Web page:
By far, my favorite stage (or "district" as ROS likes to call them) is the first part of the second level: Tokyo. I have to admit that this waterfall stage is still as impressive-looking as it was 12 years ago. There are other "districts" that I still find visually impressive, but the waterfall stage has a special place in my heart, as it was a source of frustration back in 1989, despite its beautiful graphics.
The gameplay of ROS is that of the classic gaming platformer: Proceed from the left side of the screen to the right side. Kill the enemies before they kill you. Break open crates for bonus items and power-ups. Advance to the next section of the stage. Rinse and repeat a few times, and you'll eventually encounter the level boss. Defeat the boss and proceed to the next stage. Et cetera, so on and so forth. You get the idea. This was the basic gameplay that gamers in the 1980s grew up with. This old style of gameplay is considered somewhat "primitive" by today's standards, but in truth, we still use a highly modified version of this formula even in the best games on our present consoles.
Games of the past, like ROS relied a lot on good hand-eye-coordination, an area that I noticed I've gotten a little soft. In order to proceed to new areas, you sometimes had to carefully time several jumps, or you'd plummet to your death, and have to start over from the beginning.
Gamers today sometimes bicker about erratic artificial intelligence in the computer-controlled opponents. In classic games like ROS, there really was no true AI, as it was very basic by today's standards. Enemies attack in similar patterns when they see you. If you're having trouble killing a soldier who is ducking behind an unbreakable create, just wait three seconds for him to stick his head up and attempt an attack, and then drive a shurikin though his forehead. Not all enemies are this predictable, I'll admit that I'm exaggerating a bit here. In all honestly, I did find it to be quite challenging to get past certain enemies and their attack patterns, even though I'm used to today's "revolutionary" computer-controlled AI.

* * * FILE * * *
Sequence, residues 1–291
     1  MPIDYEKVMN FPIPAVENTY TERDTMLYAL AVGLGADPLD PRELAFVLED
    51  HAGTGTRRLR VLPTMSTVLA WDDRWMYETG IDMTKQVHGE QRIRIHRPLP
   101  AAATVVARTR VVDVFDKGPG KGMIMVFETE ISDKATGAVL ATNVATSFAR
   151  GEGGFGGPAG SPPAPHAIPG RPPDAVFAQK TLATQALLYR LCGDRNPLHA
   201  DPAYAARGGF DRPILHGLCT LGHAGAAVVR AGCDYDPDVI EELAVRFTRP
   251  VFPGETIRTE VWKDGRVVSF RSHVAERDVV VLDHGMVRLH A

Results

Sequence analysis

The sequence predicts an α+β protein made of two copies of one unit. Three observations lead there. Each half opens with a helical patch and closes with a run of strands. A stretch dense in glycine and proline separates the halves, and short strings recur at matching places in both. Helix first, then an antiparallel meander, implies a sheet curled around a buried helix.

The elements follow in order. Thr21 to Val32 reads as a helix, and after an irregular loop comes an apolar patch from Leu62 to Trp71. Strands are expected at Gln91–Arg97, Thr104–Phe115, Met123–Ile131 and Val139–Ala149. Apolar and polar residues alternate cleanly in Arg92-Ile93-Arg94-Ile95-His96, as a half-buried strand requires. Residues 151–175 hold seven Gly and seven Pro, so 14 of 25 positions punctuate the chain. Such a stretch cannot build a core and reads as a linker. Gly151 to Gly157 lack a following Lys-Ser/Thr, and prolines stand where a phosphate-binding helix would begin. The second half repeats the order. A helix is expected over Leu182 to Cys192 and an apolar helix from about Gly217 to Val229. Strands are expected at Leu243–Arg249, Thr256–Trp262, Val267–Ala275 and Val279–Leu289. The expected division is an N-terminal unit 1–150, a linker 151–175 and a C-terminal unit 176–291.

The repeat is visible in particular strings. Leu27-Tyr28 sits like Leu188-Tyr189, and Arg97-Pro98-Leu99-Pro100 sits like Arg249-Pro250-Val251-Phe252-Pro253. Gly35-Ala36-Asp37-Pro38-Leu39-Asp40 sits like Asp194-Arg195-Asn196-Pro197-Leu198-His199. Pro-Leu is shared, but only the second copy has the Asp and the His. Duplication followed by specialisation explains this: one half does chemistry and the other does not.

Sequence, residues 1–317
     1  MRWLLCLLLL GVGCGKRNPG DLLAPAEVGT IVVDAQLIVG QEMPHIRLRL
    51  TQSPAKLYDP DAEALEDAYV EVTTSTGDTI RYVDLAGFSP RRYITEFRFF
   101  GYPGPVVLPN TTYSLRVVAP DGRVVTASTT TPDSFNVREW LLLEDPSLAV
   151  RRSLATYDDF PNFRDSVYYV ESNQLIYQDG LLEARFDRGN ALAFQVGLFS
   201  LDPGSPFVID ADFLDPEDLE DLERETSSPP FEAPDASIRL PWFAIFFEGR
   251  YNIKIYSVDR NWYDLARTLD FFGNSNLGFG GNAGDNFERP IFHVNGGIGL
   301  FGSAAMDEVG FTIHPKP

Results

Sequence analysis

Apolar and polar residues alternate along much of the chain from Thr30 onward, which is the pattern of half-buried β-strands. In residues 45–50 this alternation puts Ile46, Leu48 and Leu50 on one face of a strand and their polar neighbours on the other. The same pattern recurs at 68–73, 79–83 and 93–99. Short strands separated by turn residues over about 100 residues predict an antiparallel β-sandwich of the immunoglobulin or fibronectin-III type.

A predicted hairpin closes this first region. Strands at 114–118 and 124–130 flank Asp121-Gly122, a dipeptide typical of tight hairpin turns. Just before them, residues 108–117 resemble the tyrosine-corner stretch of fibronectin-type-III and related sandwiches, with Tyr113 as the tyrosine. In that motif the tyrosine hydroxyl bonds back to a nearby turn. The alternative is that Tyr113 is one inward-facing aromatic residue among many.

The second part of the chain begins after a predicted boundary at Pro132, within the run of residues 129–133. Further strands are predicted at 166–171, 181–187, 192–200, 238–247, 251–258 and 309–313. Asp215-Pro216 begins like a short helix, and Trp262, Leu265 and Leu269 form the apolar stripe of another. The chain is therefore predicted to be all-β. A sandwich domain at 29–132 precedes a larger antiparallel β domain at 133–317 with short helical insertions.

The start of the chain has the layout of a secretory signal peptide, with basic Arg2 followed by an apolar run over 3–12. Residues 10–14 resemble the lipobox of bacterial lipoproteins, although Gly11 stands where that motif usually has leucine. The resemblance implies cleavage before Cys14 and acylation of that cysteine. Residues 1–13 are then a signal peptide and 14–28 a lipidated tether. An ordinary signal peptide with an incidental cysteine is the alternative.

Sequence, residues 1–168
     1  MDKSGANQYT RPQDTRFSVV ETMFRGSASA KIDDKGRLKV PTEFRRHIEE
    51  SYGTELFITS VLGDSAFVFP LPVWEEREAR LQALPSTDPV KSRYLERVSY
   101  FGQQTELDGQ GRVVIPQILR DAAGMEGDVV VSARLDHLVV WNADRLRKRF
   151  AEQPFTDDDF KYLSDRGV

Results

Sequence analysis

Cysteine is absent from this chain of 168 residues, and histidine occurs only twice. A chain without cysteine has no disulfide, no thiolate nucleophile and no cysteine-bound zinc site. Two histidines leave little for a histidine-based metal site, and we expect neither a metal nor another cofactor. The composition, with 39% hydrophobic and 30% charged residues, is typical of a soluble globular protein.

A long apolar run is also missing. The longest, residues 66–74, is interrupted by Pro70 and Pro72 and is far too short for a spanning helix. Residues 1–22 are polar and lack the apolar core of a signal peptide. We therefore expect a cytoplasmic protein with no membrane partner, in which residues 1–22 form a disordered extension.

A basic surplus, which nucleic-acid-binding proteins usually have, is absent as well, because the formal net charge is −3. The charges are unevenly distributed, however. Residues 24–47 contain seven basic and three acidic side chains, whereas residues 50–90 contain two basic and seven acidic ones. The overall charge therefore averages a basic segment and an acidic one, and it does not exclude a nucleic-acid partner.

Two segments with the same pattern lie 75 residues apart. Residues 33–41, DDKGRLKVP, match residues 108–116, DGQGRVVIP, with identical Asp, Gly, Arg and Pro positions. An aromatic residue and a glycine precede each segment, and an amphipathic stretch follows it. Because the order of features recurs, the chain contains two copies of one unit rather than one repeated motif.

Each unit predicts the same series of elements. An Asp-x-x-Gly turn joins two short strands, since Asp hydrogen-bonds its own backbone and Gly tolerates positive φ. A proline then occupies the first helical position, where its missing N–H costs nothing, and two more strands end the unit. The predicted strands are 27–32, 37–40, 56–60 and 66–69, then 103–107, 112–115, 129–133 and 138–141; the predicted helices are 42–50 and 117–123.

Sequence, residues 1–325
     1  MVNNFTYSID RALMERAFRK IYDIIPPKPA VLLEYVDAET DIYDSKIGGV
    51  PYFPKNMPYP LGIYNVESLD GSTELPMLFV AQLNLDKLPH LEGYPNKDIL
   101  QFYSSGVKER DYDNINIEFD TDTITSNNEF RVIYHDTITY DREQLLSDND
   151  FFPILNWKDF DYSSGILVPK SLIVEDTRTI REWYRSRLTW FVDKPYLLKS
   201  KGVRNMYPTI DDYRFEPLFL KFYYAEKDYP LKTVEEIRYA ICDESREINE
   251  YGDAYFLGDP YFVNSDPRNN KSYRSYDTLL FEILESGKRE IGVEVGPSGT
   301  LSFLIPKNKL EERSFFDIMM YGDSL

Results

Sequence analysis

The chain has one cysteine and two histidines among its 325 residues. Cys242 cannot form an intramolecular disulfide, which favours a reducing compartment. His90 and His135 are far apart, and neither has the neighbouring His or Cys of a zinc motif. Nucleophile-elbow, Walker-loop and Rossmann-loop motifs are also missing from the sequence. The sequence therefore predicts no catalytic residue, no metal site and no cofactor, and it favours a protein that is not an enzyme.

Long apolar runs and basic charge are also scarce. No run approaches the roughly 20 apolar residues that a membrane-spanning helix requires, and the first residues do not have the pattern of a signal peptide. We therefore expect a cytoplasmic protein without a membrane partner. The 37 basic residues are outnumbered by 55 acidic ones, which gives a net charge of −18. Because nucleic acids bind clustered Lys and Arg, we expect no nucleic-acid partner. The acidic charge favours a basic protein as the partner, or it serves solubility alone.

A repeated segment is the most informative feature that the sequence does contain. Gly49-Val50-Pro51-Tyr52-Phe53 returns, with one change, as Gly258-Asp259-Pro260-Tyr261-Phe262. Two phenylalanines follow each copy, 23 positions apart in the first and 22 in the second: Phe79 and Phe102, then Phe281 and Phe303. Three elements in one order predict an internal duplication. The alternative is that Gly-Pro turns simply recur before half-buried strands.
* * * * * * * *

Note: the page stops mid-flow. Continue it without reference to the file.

The music and sound of ROS was still quite impressive. The music is synthesized, but still quite enjoyable to listen to. The sound effects, however, are quite basic, but are nothing worse than similar sound effects in some of today's PlayStation games.
The Revenge of Shinobi is also the first game I can remember having multiple endings depending on how successful you were in saving the beautiful Naoko from the clutches of Neo Zeed. Fail to save her, and you'll end up with the alternate "sad" ending, which I remember thinking was really kind of cool in 1989. It took me a long time in the Genesis' heyday to get the correct ending, but I was really happy when I finally did.
If I may, I'd like to take a moment and laugh at the absurdity of video games. As I was playing through ROS, I found myself becoming really over-analytical, and I'd like to share with you some of my observations, that I never thought about in 1989. Why does casual contact with enemies result in damage to your character? Can't I brush up against an enemy without losing two notches from my health bar? Do they wear spikes in their clothes or have acid on their skin? Why in the hell would somebody equip their buildings with spike traps? Was this simply in hopes that someday, someone like Shinobi would stroll through these locations while on his quest to battle the nefarious Neo Zeed? Why don't the enemies break open the container crates and keep the extra throwing knifes and health upgrades for themselves, instead of leaving them out in the open for Shinobi to get? Can logs really be used as steps to get to higher locations when they're consecutively falling down waterfalls? Okay, I know these are ridiculious, but I found myself laughing at the absurdity of video games that I never really thought about when I was a young child.
You'd think from some of my criticism that I'd end up giving this a horrible review. On the contrary, I think this is still an enjoyable game even 12 years later. I think the gameplay is challenging, the graphics are still fairly impressive, and the synthesized music and sound is still pretty good by today's standards.
A lot of people enjoy classic video games today through the convienence of downloadable game ROMs and console emulators they find on the Internet. Even though some of these emulators do an excellent job at recreating the original visuals and sounds of the game, it misses something important: the gaming experience. I find it more satisfying to have the actual game cartridge in-hand and a real console with a real controller to play it on. Maybe it's just my preferences, but I like controlling Shinobi using a real Genesis controller and not the arrow keys on my PC keyboard. Classic consoles are so cheap today that it's easy to get a bundle of games for literally pennies if you take the time to look.
If you've still got a Genesis sitting around collecting dust, stick in an old game like The Revenge of Shinobi and take a trip down memory lane. I guarantee it'll make you smile.